Definition of Function in C

  • function in C is a sub-program that has a group of statements/blocks of codes that together perform a specific task.
  • To make programming simple and easy to debug, we break a larger complex program into smaller & simpler sub-programs with a specific name that perform ‘well-defined tasks’ when use/call in the program once/more than once. These sub-programs are called functions.
  • A function in C is a self-contained block of executable code that can be called from any other function. In many programs, a set of statements is to be executed repeatedly at various places in the program and may with different sets of data.


  • function declaration tells the compiler about a function’s name, return type, and parameters.
  • Once a function in C is defined, it can be used over and over and over again.
  • A single function can be used in several different and separate programs as per use that represent its reusability feature.
  • When a function is called, the control transfers to the called function from the calling function, which will be executed, and then finally transfers the control back to the calling function (to the statement following the function call).
  • Functions can share data by passing arguments and returning values.
  • Normally a function is identified by the ( ) symbol attached to it for parameters.
  • Functions in C programming are considered basic building blocks of the program. All C programs are written using library or UDF functions to improve the re-usability, and understandability, and to keep track of them.
  • Every C program has at least one function, which is main().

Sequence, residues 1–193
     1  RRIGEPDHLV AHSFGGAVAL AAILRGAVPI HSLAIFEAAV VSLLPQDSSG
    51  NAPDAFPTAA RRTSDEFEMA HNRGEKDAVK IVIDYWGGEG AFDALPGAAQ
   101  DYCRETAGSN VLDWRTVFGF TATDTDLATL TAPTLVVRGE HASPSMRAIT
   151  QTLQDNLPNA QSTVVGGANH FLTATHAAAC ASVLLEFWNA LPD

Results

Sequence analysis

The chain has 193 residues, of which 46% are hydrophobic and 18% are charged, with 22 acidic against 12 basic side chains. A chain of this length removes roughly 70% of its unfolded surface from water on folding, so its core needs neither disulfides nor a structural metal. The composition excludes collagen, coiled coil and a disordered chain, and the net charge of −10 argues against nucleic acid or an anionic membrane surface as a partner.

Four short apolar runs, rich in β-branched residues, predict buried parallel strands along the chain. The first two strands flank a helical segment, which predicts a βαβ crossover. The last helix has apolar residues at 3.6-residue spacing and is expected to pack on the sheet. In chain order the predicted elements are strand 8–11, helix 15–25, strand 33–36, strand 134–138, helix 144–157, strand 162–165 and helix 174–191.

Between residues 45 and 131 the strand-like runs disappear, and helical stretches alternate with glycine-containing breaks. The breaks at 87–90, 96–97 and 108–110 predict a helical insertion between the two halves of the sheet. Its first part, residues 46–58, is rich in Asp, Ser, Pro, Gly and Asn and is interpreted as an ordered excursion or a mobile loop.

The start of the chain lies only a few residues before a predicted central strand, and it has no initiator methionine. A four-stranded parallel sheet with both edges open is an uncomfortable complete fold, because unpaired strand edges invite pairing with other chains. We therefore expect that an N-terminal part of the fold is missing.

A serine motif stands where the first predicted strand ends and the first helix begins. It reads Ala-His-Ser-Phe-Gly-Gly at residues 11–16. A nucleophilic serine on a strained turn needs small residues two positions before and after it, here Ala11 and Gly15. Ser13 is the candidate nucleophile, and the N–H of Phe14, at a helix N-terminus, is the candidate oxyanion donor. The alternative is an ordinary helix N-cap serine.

• A function is used for dividing a large code into modules, due to this we can easily debug and maintain the code.
  • A function is a name for an action.
  • Unlike normal pointers, a Function Pointer points to code, not data. Typically a function pointer stores the start of executable code. Unlike normal pointers, we do not allocate/   de-allocate memory using function pointers. A function’s name can also be used to get a function’s address.
  • It makes a program modular i.e. functions are very important tools for Modular Programming, where we break large programs into small sub-programs or modules.
  • Static Function –  A function, which has a function definition prefixed with a static keyword is defined as a static function. The static function should call within the same source code.


    • The syntax of a function is: –
return datatype functionname (list of arguments)
datatype declaration of the arguments;
executable statements;
return (expression);

• The return data type is the same as the data type of the variable that is returned by the function using the return statement.
• A functionname is formed in the same way as variable names/identifiers are formed.
• list of arguments or parameters are valid variable names, separated by                       commas: (such as datatype1 var1, data type2 var2, …….. data type n var n)
for example (int x, float y, char z).
• arguments give the values which are passed from the calling function.